Tools and methodologies for better coding

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April 26, 2012
Optimization and organization can mean many things, but what does it mean to you? Doing things faster, better, or more efficient? Does it mean doing things more programmatically, simplistically, or using tools that are more suited to the job? Well, in all likelihood it means a little bit of all of these. You probably are a person who works as a developer or designer, and are constantly trying to optimize your workflow — and well, these things could certainly be what you are looking for (at least, a bit). But do keep in mind that however many tips and techniques you embrace, it actually means very little unless you actually do your work. So, with that in mind, I would like to offer some of my favorite workflows and methods for organization and optimization. Most people assume that they only need to stay organized and efficient if they are working in a team, because after all if you are just one person why not use your own organizational method? Well, there isn’t anything wrong with that per se, but you do need to be using some standardized techniques to make the most of your time. For instance, version control systems. Also things like language supersets and simplistic language syntax tools can be very helpful. Let’s dive into some of these in a more specific fashion, and be aware near the end of the article I will go over some code supersets and tools that focus on specific languages that I feel like most of us work with. The rest though, will be rather broadly scoped.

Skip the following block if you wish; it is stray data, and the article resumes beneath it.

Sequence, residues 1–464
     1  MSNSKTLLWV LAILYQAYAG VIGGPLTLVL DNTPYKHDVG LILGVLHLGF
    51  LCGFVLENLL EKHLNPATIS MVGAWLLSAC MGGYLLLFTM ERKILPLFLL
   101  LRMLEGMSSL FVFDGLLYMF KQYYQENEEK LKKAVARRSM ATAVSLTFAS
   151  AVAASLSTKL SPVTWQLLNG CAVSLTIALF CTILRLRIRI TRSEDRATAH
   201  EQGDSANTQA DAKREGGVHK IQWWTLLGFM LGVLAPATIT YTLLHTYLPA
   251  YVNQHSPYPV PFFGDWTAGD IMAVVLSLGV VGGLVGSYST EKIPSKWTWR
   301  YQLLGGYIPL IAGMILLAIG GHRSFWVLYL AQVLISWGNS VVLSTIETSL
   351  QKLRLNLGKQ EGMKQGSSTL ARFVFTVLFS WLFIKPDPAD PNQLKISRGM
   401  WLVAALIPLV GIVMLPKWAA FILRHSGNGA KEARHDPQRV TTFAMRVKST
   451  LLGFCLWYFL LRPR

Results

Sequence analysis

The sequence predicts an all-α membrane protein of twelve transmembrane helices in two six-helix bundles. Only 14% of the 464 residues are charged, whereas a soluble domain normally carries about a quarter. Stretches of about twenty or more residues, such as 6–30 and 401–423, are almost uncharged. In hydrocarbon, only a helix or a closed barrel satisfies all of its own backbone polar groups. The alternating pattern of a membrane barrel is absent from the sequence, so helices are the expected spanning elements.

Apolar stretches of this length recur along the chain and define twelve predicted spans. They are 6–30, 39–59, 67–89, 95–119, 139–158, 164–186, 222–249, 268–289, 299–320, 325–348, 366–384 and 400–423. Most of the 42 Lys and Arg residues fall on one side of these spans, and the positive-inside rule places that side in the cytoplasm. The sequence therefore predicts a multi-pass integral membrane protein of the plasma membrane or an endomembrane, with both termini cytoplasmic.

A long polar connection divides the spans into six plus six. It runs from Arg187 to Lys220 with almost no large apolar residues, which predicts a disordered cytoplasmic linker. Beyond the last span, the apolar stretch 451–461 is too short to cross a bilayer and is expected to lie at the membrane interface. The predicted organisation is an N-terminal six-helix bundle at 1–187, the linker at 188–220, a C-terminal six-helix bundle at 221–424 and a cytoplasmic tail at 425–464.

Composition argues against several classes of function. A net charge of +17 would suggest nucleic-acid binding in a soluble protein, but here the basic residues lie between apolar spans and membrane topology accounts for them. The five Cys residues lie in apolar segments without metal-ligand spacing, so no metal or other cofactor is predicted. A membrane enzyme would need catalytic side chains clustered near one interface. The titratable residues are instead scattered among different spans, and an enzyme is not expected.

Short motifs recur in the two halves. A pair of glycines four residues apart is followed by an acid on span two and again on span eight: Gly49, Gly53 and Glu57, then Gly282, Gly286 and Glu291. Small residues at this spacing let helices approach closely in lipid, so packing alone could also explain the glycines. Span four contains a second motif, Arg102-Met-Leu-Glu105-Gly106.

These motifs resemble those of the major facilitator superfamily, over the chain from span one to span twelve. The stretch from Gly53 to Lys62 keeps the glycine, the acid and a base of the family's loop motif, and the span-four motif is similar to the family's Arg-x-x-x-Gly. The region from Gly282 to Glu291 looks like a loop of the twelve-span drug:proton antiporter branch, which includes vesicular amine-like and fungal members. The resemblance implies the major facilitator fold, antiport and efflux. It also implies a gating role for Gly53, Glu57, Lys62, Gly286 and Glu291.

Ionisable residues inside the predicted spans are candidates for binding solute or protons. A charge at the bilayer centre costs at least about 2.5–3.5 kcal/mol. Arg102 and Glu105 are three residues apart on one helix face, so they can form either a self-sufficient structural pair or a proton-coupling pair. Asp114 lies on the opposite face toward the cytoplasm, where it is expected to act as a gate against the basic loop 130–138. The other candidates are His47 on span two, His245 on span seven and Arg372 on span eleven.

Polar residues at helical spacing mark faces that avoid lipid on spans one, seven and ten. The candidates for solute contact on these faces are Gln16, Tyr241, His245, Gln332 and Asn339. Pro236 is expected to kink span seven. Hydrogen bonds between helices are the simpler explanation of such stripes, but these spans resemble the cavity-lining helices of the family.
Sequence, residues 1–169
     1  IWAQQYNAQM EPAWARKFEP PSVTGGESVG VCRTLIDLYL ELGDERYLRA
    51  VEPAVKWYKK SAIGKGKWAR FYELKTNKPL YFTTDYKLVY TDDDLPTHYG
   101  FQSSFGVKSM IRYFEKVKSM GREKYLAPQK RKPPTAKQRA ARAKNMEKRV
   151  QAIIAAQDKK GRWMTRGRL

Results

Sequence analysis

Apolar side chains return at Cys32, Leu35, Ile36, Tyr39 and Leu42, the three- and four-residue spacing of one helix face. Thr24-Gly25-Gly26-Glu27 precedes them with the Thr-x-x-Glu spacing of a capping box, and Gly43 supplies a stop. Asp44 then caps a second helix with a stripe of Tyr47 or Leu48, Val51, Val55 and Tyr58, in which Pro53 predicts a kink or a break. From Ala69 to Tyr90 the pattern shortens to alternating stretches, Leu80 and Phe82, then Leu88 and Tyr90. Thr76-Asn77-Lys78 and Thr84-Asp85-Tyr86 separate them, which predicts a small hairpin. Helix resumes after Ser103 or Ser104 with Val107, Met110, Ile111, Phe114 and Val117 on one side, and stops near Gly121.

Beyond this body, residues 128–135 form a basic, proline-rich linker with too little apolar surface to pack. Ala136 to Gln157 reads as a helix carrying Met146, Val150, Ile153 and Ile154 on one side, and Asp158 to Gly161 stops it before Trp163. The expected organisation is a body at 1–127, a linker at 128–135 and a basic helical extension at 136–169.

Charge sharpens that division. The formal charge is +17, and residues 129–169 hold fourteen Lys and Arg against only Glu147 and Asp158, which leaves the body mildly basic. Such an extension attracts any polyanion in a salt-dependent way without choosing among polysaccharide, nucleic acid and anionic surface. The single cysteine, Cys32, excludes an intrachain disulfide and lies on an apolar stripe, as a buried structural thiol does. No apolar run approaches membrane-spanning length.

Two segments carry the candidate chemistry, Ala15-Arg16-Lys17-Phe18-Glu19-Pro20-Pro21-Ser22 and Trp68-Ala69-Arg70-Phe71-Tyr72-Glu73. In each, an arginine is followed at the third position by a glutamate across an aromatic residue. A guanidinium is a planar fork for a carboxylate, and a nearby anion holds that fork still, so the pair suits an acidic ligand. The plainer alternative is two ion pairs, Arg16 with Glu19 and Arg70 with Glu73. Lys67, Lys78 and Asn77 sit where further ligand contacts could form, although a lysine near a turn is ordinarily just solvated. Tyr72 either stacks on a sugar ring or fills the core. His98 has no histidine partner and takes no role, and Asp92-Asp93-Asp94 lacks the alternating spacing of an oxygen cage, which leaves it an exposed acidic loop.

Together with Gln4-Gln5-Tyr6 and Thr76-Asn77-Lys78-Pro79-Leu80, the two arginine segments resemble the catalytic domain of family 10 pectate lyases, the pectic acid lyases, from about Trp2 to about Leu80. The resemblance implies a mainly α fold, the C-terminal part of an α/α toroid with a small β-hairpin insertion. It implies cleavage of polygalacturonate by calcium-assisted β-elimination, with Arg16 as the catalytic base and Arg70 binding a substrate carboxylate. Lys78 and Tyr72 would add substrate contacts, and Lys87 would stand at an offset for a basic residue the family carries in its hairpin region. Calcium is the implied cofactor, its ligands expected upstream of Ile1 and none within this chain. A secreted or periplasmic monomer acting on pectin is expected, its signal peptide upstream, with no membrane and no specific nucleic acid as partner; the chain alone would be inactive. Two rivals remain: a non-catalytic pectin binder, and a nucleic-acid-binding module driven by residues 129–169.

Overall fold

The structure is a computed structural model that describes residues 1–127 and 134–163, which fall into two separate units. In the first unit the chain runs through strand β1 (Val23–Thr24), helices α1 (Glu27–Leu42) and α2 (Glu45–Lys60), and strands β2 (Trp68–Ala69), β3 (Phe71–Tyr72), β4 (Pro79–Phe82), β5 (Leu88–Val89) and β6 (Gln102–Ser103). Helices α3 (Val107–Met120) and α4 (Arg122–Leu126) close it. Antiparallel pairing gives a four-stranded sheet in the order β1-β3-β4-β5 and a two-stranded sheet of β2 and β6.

Tools are a great way to increase the speed at which you write and implement code. Sometimes they can be a distraction, but most often they can be very helpful. I will be talking about mainly about the ones that I have grown to love over the years, but there are many more out there that I won’t cover — so don’t feel that this is an exhaustive list but rather a list of possible ideas. Think of this, preferably, as a jumping off point

Text Editors